Corrupt individuals biggest losers as new currency out

The new currency notes released by the Central Bank of Kenya. Their introduction is touted to target money laundering and tax evasion. [Wilberforce Okwiri, Standard]
Individuals hoarding proceeds of corruptions are some of the biggest losers as Central Bank rolls out new currency.

From October 1, the old Sh1,000 notes will cease being legal tender, effectively rendering them worthless pieces of paper.

While the Central Bank governor Patrick Njoroge announced that the new Sh50, Sh100, Sh200, Sh500 notes would circulate alongside the old notes, he said the Sh1000 notes would cease being legal tender in the next four months.

The coming period expected to be frantic as individuals trade in the old currency before the period lapses.

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But as the clocks starts counting down to October 1, sleuths, empowered by a firm anti money laundering law, will be closely scrutinising bank transactions.

The government’s announcement of the new notes comes in the wake of proliferation of counterfeit currency with detectives having seized about Sh40 billion in fake currency since January.

“We have assessed the grave concern that our large banknotes – particularly the older one thousand shilling series – are being used for illicit financial flows in Kenya and also other countries in the region.

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“More recently we have seen the emergence of some counterfeits. These are grave concerns that would jeopardise proper transactions and the conduct of commerce in our currency,” Central Bank of Kenya governor Patrick Njoroge said.

Besides move also targets money laundering and tax evasion since those suspected to be hoarding money in houses now forced to exchange the currency for the new notes.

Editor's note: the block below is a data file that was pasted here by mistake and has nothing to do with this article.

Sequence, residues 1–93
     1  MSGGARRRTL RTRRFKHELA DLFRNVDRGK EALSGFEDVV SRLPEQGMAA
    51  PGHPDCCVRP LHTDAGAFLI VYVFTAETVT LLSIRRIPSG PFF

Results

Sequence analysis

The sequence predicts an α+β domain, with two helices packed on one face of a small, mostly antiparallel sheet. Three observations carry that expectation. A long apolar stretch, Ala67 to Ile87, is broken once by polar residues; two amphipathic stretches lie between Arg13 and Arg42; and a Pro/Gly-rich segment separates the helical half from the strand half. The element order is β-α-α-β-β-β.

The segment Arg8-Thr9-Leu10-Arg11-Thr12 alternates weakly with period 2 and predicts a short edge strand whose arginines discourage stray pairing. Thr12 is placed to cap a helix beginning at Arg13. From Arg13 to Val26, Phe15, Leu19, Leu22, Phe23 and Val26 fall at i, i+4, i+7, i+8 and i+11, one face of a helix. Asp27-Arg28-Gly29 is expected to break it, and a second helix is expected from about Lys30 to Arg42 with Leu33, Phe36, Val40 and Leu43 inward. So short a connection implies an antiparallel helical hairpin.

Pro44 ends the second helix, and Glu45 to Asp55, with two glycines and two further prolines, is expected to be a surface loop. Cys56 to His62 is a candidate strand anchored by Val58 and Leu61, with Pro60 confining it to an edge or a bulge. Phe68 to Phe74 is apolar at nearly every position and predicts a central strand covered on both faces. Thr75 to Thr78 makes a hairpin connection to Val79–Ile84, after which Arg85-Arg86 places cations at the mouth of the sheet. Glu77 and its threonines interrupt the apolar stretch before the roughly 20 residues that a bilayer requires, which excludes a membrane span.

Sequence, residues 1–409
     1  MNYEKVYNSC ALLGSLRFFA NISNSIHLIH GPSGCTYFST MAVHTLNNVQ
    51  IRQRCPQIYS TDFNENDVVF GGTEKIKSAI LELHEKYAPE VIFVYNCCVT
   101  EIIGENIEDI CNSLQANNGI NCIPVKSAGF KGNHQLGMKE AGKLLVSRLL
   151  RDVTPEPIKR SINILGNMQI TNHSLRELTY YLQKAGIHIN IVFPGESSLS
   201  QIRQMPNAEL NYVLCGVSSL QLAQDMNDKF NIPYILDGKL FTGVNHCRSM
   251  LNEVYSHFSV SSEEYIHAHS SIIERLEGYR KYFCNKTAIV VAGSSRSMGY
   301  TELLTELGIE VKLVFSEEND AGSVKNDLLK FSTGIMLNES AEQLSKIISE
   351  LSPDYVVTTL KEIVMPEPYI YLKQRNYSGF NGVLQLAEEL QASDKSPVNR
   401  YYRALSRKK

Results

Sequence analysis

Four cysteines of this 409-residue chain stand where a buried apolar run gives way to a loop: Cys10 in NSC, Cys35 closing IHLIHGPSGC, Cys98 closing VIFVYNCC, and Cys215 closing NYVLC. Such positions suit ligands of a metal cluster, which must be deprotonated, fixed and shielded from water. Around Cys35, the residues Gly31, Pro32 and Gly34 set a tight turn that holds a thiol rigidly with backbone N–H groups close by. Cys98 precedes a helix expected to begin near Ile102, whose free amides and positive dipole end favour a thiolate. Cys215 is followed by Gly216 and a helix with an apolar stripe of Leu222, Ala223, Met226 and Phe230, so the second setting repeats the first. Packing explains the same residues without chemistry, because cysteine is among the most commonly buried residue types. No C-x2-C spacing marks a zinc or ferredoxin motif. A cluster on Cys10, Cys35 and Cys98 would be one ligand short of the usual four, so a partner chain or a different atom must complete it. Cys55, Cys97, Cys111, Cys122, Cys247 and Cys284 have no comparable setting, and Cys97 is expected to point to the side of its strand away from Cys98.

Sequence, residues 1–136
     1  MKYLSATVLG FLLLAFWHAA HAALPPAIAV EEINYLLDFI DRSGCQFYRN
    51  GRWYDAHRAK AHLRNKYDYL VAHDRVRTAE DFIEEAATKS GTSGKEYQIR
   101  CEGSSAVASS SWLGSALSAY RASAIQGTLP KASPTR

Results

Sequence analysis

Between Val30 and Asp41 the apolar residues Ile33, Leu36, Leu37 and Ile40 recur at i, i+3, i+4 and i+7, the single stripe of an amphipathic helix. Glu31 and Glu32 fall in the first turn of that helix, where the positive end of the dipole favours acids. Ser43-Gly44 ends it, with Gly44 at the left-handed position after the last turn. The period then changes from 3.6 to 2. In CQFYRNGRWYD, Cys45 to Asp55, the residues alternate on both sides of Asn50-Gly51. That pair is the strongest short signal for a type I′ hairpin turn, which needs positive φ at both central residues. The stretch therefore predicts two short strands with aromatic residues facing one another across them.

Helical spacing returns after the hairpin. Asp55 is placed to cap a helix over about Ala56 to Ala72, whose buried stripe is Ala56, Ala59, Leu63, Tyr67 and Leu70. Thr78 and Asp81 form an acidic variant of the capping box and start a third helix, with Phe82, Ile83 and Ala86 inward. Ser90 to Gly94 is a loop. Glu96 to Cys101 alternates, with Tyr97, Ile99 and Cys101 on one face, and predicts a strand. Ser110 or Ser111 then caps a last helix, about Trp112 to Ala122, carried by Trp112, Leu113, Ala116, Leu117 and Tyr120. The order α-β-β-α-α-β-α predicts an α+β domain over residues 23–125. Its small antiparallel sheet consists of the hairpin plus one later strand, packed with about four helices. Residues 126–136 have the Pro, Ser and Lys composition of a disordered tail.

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In May 2017, detectives found a hoard of Sh18million stashed in the house of a National Land Commission official who was under investigation for corruption.

In October last year, police in Nairobi have recovered fake money valued at Sh3 billion at a house in Westlands.

Four months later, a hoard of Sh32billion in fake currency was also disoivered in a residential house in Ruiru.

A month later, detectives found Sh2billion in fake currency found at a safe in Barclays Bank Queensway branch, Nairobi.

According to Central Bank of Kenya’s 2018 analysis of currency circulation, the Sh1,000 notes in circulation were valued at Sh210.37billion by June 2018. Comparatively, those of Sh500 were only Sh16.31 billion.

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The withdrawal of the currency also comes as CBK enforcing closer scrutiny of financial transactions.

Transactions exceeding Sh1 million require the approval of the branch manager while cash transactions of Sh10 million to Sh20 million or the equivalent will require the approval of the regional branch manager or the senior manager.

Bank customers are required to give a three-day notice to make over the counter transactions of more than Sh10 million, and provide supporting documents such as the source of the money, the purpose for withdrawing the funds.

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CorruptionNew currencyNew currency notes